Released on 03 January 2003.

Read extract

Don't Let's Go to the Dogs Tonight

An African Childhood

3.96 based on 40645 ratings & 2756 reviews on Goodreads.com

2002 Short-listed

Guardian First Book Award

2002 Long-listed

BBC Four Samuel Johnson Prize

Synopsis

Alexandra Fuller was the daughter of white settlers in 1970s war-torn Rhodesia. Don’t Let’s Go to the Dogs Tonight is a memoir of that time, when a schoolgirl was as likely to carry a shotgun as a satchel. Fuller tells a story of civil war; of a quixotic battle against nature and loss; and of her family’s unbreakable bond with a continent which came to define, shape, scar and heal them. In wry and sometimes hilarious prose, she looks back with rage and love at an extraordinary family and an extraordinary time.

‘Like Frank McCourt, Fuller writes with devastating humour and directness about desperate circumstances . . . tender, remarkable’ Daily Telegraph

‘A book that deserves to be read for generations’ Guardian

‘Perceptive, generous, political, tragic, funny, stamped through with a passionate love for Africa . . . [Fuller] has a faultless hotline to her six-year-old self’ Independent

‘This enchanting book is destined to become a classic of Africa and of childhood’ Sunday Times

‘Wonderful book . . . a vibrantly personal account of growing up in a family every bit as exotic as the continent which seduced it . . . the Fuller family itself [is] delivered to the reader with a mixture of toughness and heart which renders its characters unforgettable’ Scotsman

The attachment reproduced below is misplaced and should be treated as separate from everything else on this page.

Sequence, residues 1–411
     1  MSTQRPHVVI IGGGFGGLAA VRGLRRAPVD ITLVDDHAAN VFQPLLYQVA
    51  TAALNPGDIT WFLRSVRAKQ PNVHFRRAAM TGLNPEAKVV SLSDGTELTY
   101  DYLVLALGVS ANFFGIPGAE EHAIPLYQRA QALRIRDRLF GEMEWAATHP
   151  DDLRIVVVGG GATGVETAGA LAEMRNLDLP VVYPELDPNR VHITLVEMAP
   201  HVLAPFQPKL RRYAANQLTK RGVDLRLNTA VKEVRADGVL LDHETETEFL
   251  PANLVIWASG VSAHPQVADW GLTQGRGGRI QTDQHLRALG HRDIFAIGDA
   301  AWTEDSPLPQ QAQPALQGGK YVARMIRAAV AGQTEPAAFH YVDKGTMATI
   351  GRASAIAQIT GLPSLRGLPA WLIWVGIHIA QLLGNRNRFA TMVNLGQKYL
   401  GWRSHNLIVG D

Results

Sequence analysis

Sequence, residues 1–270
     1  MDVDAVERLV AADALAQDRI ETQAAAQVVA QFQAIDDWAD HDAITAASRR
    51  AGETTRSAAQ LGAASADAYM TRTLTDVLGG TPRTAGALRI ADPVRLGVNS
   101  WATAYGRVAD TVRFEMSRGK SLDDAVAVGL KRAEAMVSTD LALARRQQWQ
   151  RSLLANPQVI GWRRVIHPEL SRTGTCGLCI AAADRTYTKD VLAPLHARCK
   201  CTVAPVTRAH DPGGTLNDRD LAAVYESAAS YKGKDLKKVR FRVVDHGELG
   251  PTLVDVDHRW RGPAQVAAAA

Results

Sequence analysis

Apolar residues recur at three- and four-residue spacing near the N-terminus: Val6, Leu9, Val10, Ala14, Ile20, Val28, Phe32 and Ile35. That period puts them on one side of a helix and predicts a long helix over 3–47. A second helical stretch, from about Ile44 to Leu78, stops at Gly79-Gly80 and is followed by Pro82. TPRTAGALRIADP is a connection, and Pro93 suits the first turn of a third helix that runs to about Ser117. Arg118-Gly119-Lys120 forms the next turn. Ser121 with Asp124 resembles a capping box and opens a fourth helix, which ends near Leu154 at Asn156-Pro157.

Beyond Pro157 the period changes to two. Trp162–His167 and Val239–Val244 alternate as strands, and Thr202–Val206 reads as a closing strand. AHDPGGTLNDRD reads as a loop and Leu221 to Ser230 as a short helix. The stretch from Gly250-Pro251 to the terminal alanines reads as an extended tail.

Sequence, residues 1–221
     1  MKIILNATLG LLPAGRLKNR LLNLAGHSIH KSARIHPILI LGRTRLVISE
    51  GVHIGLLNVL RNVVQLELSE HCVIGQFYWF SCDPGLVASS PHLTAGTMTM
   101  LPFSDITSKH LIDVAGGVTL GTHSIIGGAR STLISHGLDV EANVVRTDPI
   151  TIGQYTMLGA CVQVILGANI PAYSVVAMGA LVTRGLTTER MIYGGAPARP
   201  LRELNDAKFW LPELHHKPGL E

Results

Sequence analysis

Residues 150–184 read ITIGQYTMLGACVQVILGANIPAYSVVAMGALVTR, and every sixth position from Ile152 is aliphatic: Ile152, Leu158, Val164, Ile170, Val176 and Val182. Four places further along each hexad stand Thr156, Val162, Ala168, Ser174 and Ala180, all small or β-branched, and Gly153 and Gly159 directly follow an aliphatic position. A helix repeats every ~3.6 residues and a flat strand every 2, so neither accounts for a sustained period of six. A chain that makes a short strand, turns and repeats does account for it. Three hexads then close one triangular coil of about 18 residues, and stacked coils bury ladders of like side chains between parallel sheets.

‘Her prose is fierce, unsentimental, sometimes puzzled, and disconcertingly honest . . . it is Fuller’s clear vision, even of the most unpalatable facts, that gives her book its strength. It deserves to find a place alongside Olive Schreiner, Karen Blixen and Doris Lessing’ Sunday Telegraph

In the media

A book that deserves to be read for generations
Guardian
This enchanting book is destined to become a classic of Africa and of childhood
Sunday Times
Her prose is fierce, unsentimental, sometimes puzzled, and disconcertingly honest . . . it is Fuller's clear vision, even of the most unpalatable facts, that gives her book its strength. It deserves to find a place alongside Olive Schreiner, Karen Blixen and Doris Lessing
Sunday Telegraph